But some moderate Republicans – whom McCarthy needs to protect in order to keep their fragile majority in 2024 – have expressed uneasiness over using the debt ceiling as a bargaining chip, risking both a catastrophic default and the political blame, especially if Republicans push for cuts to popular entitlement programs like Medicare and Social Security. Republicans remember 2011 all too well when a proposal from then-Rep. Paul Ryan to overhaul Medicare became fodder for attacks that depicted him rolling an elderly lady in a wheelchair off a cliff.
“We shouldn’t put the United States in a position to default on our debt, clearly,” said Rep. Dusty Johnson, a South Dakota Republican. “But I also think every member of Congress needs to acknowledge that the $32 trillion debt is not in our national interest.”
Rep. Chuck Fleischmann of Tennessee said the debt ceiling increase is part of a discussion “we should have had a long time ago – to talk about some structural solutions.”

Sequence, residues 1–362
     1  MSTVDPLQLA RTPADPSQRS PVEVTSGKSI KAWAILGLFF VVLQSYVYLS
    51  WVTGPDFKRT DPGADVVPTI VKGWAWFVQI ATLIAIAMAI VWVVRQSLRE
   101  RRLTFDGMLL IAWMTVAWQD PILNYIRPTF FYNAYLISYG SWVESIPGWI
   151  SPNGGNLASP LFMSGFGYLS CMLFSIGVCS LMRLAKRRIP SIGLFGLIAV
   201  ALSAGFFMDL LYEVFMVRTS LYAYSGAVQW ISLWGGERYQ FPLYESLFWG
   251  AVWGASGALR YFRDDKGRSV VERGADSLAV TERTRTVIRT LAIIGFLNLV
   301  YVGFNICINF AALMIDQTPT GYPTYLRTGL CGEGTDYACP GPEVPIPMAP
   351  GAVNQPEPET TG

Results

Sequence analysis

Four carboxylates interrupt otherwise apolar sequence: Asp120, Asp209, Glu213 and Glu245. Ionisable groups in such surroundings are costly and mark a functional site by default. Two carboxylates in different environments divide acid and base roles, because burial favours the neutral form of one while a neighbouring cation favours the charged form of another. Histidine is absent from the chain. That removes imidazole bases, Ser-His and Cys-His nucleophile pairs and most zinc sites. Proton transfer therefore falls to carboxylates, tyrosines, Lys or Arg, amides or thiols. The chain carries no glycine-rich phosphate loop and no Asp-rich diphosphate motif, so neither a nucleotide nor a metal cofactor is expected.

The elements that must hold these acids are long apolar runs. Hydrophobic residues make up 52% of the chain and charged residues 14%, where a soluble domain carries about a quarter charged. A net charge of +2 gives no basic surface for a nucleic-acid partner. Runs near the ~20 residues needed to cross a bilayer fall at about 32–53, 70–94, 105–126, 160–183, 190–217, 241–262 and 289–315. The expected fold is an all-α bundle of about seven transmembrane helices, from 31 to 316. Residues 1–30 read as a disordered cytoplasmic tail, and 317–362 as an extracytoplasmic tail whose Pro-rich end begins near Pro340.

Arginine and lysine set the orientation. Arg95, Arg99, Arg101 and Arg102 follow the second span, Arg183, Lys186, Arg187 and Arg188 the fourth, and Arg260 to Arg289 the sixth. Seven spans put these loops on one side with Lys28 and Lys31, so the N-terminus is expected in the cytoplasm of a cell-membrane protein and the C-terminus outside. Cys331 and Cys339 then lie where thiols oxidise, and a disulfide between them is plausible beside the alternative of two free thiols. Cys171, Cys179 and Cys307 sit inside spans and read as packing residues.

But he added: “I think the vast majority of responsible legislators realize this is money already spent and that we can never put the United States in a default position.”
Other Republicans, however, argue that the fears of going off the fiscal cliff are overblown.
“I don’t fear not raising the debt ceiling, because if we didn’t raise the debt ceiling, all that would mean we’d have to cut discretionary spending so we stop spending more than we’re taking in,” said Rep. Bob Good of Virginia, an anti-McCarthy Republican. “That’s a panic here in Washington because we’re so beholden to spending.”
Indiana Rep. Greg Pence added of raising the debt limit: “It’s a no.”